The North American river otter has made a comeback in the U.S., and Shore residents can often spot them along coastal rivers and estuaries
A playful, social animal, the river otter is not an uncommon sight along the Jersey Shore, especially in winter.
What they are: Otters are mustelids, belonging to a group of mammals that includes weasels, mink and badgers. They’re specially adapted for life in and near lakes, rivers and estuaries, with long, streamlined bodies, a thick, insulated coat of fur and webbed feet on short legs.
The species we see locally, the North American river otter, is light brown to black and can be between 2 and 3.5 feet long, weighing in between 10 and 30 pounds. A long, tapered tail makes up a third of an adult’s length. They have dark eyes and thick, long whiskers that help them sense their surroundings.
A river otter’s diet consists mostly of fish, though they’re opportunistic carnivores, and will also eat crustaceans, mollusks, insects and even small birds and mammals. Fierce ambush hunters, otters can catch and kill fish up to half their own size.
River otters are highly social, and form family groups centered around a female and her young. Adult males often gather in their own close social groups, though adults of both sexes have been known to attach themselves to unrelated otter families as “helpers.”
While they’re far faster and more agile in water, otters are also known for being expert sliders on land. A muddy slope or ice- or snow-covered surface is a perfect substrate, and lets them move much faster than their stubby legs alone can carry them.
Where to find them: River otters used to be abundant across most of the continent, wherever there were permanent bodies of water that offered an adequate food supply. They were extensively trapped for hundreds of years, but habitat loss is the main reason they’re far less common than they used to be.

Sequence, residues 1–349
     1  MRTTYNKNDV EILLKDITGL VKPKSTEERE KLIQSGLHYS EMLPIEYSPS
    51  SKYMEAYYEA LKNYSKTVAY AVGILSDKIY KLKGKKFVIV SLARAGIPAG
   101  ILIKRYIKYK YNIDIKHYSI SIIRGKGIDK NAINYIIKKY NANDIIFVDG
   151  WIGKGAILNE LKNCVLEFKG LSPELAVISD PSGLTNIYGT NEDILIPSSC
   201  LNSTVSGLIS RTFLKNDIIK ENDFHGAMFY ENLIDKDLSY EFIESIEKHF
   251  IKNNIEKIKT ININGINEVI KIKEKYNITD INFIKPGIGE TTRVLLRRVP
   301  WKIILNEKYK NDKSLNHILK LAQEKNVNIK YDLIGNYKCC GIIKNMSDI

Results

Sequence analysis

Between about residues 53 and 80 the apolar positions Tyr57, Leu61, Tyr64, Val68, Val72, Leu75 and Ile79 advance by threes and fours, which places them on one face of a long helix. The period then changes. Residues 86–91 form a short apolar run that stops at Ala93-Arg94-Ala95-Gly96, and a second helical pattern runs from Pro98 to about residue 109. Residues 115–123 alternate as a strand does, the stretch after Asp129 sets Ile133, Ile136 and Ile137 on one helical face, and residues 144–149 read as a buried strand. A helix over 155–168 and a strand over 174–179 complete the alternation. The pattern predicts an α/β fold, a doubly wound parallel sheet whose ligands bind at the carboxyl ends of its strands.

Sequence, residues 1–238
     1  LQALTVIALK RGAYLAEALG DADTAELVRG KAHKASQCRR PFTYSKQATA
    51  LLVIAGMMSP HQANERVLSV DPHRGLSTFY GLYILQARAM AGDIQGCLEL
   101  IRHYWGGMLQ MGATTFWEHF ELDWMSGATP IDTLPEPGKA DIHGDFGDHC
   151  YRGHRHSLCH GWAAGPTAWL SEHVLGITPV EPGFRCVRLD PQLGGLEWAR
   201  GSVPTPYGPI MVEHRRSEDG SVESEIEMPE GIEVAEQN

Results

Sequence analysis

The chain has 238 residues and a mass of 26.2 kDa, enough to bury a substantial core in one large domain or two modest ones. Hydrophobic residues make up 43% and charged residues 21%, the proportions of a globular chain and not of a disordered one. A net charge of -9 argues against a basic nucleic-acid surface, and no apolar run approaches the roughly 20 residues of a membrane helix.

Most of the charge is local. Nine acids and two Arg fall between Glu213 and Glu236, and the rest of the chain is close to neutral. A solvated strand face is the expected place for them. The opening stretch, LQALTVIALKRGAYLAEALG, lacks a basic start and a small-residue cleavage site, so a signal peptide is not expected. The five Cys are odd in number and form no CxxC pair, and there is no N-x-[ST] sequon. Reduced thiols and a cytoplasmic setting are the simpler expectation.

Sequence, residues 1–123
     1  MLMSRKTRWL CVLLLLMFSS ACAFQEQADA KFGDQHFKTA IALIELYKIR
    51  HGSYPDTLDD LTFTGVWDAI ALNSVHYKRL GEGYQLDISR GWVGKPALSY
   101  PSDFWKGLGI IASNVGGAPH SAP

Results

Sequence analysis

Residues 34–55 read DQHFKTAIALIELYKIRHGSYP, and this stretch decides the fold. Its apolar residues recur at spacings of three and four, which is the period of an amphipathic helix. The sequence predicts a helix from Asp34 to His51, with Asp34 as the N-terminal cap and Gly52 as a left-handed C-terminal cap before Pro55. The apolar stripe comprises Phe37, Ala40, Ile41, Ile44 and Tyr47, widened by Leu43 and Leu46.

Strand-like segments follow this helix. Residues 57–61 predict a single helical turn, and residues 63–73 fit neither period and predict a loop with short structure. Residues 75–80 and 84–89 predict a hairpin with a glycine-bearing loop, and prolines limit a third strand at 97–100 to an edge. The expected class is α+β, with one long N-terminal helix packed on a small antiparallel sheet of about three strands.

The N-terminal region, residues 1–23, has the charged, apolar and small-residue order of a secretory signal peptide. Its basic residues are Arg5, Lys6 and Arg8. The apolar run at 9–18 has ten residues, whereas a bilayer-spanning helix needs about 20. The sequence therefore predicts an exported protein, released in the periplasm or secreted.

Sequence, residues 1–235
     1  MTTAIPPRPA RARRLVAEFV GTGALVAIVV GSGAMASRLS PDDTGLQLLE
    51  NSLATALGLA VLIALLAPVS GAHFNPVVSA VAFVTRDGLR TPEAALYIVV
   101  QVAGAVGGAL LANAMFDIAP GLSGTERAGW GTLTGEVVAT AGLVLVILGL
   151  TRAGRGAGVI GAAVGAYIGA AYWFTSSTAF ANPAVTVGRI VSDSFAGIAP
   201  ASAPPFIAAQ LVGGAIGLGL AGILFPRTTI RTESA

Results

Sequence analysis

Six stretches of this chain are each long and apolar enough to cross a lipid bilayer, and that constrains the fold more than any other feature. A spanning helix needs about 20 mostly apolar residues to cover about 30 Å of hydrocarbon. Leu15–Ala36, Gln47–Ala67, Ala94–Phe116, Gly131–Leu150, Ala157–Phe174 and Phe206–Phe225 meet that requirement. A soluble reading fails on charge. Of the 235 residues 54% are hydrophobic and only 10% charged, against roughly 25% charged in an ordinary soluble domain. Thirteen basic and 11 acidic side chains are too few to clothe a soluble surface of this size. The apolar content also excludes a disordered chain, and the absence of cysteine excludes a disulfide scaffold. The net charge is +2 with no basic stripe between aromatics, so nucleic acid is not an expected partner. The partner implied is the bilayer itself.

Otters need plenty of unspoiled waterfront acreage to thrive. Because they don’t dig their own dens in the banks of rivers, streams and brackish waterways, the areas where they live must also support complimentary species like beavers, muskrats and foxes, who do the digging for them. They’re also highly sensitive to pollution from PCBs and mercury.
Development and environmental degradation led to population declines all over the country, but river otters have made a comeback since the mid 1900s thanks to conservation and reintroduction efforts. Today, they’re abundant enough to be given a “species of least concern” designation.
New Jersey’s rivers, reservoirs and coastal estuaries are home to lots of river otters, but because they’re reclusive, many people don’t realize they’re around. From spring to fall, they tend to be nocturnal, but they’re much more active during the day in winter.
Look for them in undeveloped waterfront areas, especially where there’s a steep bank, as opposed to a sloping sandy beach. Studying up on their tracks and scat may help you pinpoint likely otter habitats. I’ve seen otters swimming and playing in Manahawkin’s Mill Creek, and others I know have spotted them in the Metedeconk and Navesink rivers.
Why bother: Otters are highly entertaining creatures. They seem to have a well-developed sense of play, and will swim and dive and chatter with companions and generally look like they’re having a great time.
Because otters are shy and absent form highly populated areas, people are often surprised to learn that they live here at all – and that just makes it more satisfying when one pops up.